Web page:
[Biomaterials] Microfluidic-enhanced 3D bioprinting of aligned myoblast-laden hydrogels leads to fun
We present a new strategy for the fabrication of artificial skeletal muscle tissue with functional morphologies based on an innovative 3D bioprinting approach. The methodology is based on a microfluidic printing head coupled to a co-axial needle extruder for high-resolution 3D bioprinting of hydrogel fibers laden with muscle precursor cells (C2C12). To promote myogenic differentiation, we formulated a tailored bioink with a photocurable semi-synthetic biopolymer (PEG-Fibrinogen) encapsulating cells into 3D constructs composed of aligned hydrogel fibers. After 3–5 days of culture, the encapsulated myoblasts started migrating and fusing, forming multinucleated myotubes within the 3D bioprinted fibers. The obtained myotubes showed high degree of alignment along the direction of hydrogel fiber deposition, further revealing maturation, sarcomerogenesis, and functionality. Following subcutaneous implantation in the back of immunocompromised mice, bioprinted constructs generated organized artificial muscle tissue in vivo. Finally, we demonstrate that our microfluidic printing head allows to design three dimensional multi-cellular assemblies with an exquisite compartmentalization of the encapsulated cells. Our results demonstrate an enhanced myogenic differentiation with the formation of parallel aligned long-range myotubes. The approach that we report here represents a robust and valid candidate for the fabrication of macroscopic artificial muscle to scale up skeletal muscle tissue engineering for human clinical application.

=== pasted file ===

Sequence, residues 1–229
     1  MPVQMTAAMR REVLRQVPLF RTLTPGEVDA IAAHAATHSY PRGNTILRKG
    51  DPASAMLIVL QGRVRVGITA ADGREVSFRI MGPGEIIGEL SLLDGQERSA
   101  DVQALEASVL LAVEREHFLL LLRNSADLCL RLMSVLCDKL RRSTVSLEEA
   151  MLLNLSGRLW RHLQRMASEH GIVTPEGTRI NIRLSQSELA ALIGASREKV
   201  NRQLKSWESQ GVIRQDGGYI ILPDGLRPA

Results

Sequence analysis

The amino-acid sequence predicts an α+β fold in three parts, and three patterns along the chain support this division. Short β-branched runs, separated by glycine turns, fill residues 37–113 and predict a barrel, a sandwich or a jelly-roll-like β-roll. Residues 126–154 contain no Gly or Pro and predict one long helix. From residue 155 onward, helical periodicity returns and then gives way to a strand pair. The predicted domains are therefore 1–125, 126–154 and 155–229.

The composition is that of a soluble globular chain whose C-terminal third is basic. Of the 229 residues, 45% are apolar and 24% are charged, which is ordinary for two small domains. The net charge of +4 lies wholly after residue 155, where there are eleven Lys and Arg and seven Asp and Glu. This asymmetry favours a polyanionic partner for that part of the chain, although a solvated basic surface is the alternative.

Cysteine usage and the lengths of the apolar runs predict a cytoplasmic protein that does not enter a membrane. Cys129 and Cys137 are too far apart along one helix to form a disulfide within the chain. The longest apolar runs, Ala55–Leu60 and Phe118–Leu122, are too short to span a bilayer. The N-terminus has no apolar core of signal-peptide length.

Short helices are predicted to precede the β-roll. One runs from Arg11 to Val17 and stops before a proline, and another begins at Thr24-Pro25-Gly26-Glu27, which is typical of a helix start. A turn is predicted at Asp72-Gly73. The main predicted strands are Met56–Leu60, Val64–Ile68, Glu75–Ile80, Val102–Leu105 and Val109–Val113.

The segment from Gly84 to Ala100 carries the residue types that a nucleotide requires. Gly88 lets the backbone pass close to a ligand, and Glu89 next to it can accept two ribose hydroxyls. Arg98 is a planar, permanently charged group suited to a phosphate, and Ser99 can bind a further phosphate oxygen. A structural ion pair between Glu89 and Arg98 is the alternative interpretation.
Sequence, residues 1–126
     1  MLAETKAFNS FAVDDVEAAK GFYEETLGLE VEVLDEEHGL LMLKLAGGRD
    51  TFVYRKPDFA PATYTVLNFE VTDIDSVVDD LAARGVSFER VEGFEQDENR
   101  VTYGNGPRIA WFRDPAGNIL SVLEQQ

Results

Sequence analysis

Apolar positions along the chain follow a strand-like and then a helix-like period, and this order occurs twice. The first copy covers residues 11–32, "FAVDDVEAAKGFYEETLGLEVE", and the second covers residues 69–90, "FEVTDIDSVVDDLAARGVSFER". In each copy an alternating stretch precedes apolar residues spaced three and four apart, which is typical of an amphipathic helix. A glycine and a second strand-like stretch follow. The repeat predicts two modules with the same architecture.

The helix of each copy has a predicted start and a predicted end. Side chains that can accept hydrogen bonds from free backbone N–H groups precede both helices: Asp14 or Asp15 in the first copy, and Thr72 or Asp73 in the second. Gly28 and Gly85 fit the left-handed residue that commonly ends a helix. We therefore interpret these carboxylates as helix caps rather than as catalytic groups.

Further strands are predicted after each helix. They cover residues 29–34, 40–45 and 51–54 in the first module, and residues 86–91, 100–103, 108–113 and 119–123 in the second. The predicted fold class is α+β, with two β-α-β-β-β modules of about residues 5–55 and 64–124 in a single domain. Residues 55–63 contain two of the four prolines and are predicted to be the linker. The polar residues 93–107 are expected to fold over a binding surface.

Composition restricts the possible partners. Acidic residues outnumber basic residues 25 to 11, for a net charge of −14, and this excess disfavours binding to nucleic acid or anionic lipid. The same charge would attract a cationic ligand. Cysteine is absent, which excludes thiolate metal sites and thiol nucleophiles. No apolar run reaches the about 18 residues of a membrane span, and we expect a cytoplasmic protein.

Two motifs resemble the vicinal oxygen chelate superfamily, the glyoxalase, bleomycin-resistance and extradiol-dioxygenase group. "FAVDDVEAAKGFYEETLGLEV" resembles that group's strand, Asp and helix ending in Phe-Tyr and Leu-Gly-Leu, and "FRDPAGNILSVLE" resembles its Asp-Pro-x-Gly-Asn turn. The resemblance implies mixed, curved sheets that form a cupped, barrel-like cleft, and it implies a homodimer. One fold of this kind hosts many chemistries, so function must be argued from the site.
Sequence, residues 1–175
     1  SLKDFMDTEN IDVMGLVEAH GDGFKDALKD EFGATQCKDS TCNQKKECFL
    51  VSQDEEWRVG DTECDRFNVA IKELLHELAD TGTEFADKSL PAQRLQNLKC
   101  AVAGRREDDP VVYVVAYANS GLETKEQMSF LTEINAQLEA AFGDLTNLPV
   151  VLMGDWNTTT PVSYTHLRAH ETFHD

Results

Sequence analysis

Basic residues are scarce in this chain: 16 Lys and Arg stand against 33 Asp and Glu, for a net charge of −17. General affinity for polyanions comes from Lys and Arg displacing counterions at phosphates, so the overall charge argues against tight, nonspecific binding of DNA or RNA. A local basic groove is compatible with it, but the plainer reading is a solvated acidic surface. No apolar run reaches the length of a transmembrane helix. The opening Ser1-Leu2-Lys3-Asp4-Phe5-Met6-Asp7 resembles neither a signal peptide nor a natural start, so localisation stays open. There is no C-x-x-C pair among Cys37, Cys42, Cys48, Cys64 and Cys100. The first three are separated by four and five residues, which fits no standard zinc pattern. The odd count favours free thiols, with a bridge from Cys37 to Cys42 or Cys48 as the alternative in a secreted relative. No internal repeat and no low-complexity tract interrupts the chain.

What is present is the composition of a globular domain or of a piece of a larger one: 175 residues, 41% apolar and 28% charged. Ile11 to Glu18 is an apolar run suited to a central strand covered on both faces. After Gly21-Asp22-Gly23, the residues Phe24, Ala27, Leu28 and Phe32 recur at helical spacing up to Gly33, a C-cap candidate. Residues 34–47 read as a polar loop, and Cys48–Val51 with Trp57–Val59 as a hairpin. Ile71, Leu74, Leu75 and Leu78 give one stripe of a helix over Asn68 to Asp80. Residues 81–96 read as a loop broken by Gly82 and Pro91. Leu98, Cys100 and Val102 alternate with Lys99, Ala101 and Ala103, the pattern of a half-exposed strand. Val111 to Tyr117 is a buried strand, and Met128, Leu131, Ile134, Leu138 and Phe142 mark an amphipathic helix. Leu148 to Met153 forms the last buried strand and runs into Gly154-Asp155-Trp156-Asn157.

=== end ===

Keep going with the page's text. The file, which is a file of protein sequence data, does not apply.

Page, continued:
Marco Costantinia, Stefano Testab, Pamela Mozetica, Andrea Barbettac, Claudia Fuocob, Ersilia Fornettib, Francesco Tamirob, Sergio Bernardinib, Jakub Jaroszewiczd, Wojciech Święszkowskid, Marcella Trombettaa, Luisa Castagnolib, Dror Seliktare, Piotr Garsteckif, Gianni Cesarenib, Stefano Cannatab, Alberto Rainera, , , Cesare Gargiolib, , a Tissue Engineering Lab, Università Campus Bio-Medico di Roma, Rome, Italy b Department of Biology, Tor Vergata Rome University, Rome, Italy c Department of Chemistry, Sapienza University of Rome, Rome, Italy d Warsaw University of Technology, Faculty of Materials Science and Engineering, Warsaw, Poland e Department of Biomedical Engineering, Techion Institute, Haifa, Israel f Institute of Physical Chemistry, Polish Academy of Sciences, 01224 Warsaw, Poland Received 16 November 2016, Revised 13 March 2017, Accepted 20 March 2017, Available online 23 March 2017 Show less http://dx.doi.org/10.1016/j.biomaterials.2017.03.026